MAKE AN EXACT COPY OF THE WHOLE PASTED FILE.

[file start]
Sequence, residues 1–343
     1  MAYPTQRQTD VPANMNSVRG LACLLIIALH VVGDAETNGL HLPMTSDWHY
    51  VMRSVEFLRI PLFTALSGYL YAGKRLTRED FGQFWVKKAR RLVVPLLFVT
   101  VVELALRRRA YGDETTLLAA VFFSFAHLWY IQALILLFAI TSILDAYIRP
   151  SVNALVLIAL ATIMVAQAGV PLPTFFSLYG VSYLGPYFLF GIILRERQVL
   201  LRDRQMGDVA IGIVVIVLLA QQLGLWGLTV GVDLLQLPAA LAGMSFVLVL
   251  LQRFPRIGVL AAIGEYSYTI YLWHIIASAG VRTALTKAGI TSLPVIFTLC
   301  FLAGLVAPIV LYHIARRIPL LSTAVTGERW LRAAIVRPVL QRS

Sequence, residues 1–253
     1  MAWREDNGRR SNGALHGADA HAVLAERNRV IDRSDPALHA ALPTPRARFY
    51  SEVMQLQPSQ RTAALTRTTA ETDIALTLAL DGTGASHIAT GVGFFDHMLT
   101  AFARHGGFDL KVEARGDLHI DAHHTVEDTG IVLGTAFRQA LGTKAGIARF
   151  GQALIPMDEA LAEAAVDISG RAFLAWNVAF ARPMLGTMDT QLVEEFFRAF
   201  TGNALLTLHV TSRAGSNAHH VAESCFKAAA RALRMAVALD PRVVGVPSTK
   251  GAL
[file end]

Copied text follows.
Sequence, residues 1–343
     1  MAYPTQRQTD VPANMNSVRG LACLLIIALH VVGDAETNGL HLPMTSDWHY
    51  VMRSVEFLRI PLFTALSGYL YAGKRLTRED FGQFWVKKAR RLVVPLLFVT
   101  VVELALRRRA YGDETTLLAA VFFSFAHLWY IQALILLFAI TSILDAYIRP
   151  SVNALVLIAL ATIMVAQAGV PLPTFFSLYG VSYLGPYFLF GIILRERQVL
   201  LRDRQMGDVA IGIVVIVLLA QQLGLWGLTV GVDLLQLPAA LAGMSFVLVL
   251  LQRFPRIGVL AAIGEYSYTI YLWHIIASAG VRTALTKAGI TSLPVIFTLC
   301  FLAGLVAPIV LYHIARRIPL LSTAVTGERW LRAAIVRPVL QRS

Sequence, residues 1–253
     1  MAWREDNGRR SNGALHGADA HAVLAERNRV IDRSDPALHA ALPTPRARFY
    51  SEVMQLQPSQ RTAALTRTTA ETDIALTLAL DGTGASHIAT GVGFFDHMLT
   101  AFARHGGFDL KVEARGDLHI DAHHTVEDTG IVLGTAFRQA LGTKAGIARF
   151  GQALIPMDEA LAEAAVDISG RAFLAWNVAF ARPMLGTMDT QLVEEFFRAF
   201  TGNALLTLHV TSRAGSNAHH VAESCFKAAA RALRMAVALD PRVVGVPSTK
   251  GAL